Strip designer does what you might expect. It allows children to create a comic book design for their work. At first sight this may seem pointless except for occasional formatting requirements but what we have found is that the range of layouts and possibilities allows children to present a huge range of genres in different an useful ways via the app. One comment a boy made to me last week was that their work looks professional, even if it is basically a list of facts. The ability to combine text and image together, whether to show understanding of a topic, to record the stages of a science experiment or to retell a story has proved very powerful when convincing children that what they are writing is important. Again it can be seen as an example of where children’s work has a clear focus on purpose and audience, imposed by the nature of the app.
The app also needs to be considered in the context of the different stages that a piece of work may go through before being published. For example, you may be teaching a unit of work around the Vikings. The children will maybe watch video clips, read books, web articles, listen to the teacher and so on. During that work they will be note taking, writing short pieces of text, maybe linking in literacy work on a certain genre (narrative of observing a Viking raid for example). Now if the device fulfils its role as a data hoover and those notes are contained on the device. They can then be revisited, embellished, edited , reviewed and so on to form the basis of an end of unit Strip Design that shows all the work. The strips can be as many pages as you like (I’ve never tested this theory but have seen 10 page strips before which should be plenty) so each page might show different aspects of the work covered over the course of the weeks. The fact that the children can copy and paste text from other apps, take photos of artwork or visits and put them all in one place makes this an ideal app to bring lots of different pieces of work together. It can show a complete learning journey.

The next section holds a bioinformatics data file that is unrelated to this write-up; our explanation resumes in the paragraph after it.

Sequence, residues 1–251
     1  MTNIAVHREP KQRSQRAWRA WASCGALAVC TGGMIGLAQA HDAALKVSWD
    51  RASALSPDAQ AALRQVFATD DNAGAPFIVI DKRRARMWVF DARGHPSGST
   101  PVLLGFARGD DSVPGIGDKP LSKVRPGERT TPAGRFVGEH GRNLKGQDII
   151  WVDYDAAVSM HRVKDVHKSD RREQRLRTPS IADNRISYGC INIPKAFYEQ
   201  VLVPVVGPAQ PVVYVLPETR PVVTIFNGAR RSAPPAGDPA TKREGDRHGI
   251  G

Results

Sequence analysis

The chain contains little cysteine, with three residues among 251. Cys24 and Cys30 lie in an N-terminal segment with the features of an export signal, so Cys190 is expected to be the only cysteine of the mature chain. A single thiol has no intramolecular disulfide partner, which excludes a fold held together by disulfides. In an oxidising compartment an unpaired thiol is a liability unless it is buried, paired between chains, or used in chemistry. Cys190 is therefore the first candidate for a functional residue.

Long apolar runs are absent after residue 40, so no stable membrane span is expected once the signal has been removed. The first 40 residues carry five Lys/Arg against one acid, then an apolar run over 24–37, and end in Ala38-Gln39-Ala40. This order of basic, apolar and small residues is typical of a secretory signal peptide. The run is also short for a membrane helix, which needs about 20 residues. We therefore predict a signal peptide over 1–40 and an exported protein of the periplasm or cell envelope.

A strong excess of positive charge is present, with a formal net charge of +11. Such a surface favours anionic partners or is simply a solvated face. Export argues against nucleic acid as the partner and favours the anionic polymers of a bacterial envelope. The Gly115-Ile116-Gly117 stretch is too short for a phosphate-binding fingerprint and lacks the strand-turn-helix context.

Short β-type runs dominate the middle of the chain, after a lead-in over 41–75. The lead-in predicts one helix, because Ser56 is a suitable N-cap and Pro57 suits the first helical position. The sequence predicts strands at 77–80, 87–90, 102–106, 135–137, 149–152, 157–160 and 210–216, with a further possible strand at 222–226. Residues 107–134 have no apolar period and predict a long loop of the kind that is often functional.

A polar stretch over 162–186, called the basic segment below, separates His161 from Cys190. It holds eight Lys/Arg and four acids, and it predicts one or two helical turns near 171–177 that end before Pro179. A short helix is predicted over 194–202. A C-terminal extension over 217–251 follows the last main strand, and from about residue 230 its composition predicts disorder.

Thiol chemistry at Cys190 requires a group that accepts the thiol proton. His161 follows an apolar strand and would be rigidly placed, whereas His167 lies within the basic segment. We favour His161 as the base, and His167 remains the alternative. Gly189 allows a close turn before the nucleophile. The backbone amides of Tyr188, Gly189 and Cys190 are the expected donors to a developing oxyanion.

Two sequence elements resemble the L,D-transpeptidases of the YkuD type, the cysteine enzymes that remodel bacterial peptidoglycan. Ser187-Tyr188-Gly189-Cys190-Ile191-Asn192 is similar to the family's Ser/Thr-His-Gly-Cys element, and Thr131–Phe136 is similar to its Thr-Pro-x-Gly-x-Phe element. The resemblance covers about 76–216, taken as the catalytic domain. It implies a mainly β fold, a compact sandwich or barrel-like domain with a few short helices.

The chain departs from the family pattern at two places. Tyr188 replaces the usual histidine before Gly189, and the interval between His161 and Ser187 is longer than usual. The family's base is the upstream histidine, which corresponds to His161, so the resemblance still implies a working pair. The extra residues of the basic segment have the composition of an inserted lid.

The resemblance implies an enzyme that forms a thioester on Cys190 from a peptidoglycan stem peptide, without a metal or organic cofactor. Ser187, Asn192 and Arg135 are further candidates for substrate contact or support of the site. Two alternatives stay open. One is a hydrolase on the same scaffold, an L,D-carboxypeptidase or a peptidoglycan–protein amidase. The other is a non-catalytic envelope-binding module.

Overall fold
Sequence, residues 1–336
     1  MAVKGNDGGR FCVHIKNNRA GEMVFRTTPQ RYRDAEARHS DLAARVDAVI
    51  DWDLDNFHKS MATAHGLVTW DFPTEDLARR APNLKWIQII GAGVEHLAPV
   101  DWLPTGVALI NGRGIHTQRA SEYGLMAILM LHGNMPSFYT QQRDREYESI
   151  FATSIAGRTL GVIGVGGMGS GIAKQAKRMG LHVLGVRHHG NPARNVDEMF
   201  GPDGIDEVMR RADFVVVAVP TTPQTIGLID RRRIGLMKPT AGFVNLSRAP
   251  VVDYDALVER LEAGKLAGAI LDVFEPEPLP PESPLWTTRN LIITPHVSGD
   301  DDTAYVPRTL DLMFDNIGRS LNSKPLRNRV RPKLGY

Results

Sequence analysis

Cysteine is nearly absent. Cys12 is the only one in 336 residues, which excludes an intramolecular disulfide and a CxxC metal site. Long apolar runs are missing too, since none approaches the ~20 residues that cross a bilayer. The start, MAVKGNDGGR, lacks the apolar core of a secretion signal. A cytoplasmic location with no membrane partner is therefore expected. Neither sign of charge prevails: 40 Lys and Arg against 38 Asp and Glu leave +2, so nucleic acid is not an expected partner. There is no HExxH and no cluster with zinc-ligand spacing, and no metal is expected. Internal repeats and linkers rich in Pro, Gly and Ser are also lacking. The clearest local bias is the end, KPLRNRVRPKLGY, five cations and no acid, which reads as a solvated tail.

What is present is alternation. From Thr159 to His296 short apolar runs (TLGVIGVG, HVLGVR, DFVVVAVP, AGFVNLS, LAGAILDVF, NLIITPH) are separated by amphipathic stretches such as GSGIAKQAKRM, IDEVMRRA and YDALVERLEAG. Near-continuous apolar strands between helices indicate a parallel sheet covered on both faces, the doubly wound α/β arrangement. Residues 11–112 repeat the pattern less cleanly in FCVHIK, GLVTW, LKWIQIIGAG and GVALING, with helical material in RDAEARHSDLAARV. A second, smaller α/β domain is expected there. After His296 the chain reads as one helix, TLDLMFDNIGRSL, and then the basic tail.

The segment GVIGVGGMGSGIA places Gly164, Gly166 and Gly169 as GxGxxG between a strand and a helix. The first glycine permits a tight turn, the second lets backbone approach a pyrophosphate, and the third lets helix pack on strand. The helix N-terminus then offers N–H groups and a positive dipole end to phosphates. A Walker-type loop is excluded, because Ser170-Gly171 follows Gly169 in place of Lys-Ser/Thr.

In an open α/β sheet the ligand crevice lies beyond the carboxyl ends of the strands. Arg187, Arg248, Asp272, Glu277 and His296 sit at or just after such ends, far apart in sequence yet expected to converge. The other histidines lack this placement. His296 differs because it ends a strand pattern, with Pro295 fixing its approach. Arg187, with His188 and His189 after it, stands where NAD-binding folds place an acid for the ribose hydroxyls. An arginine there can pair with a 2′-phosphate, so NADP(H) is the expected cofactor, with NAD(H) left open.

Holly at Riverdale also showed me that she regularly saves her strips as pdfs so she can put them on her iBooks shelf to act as a library of her work.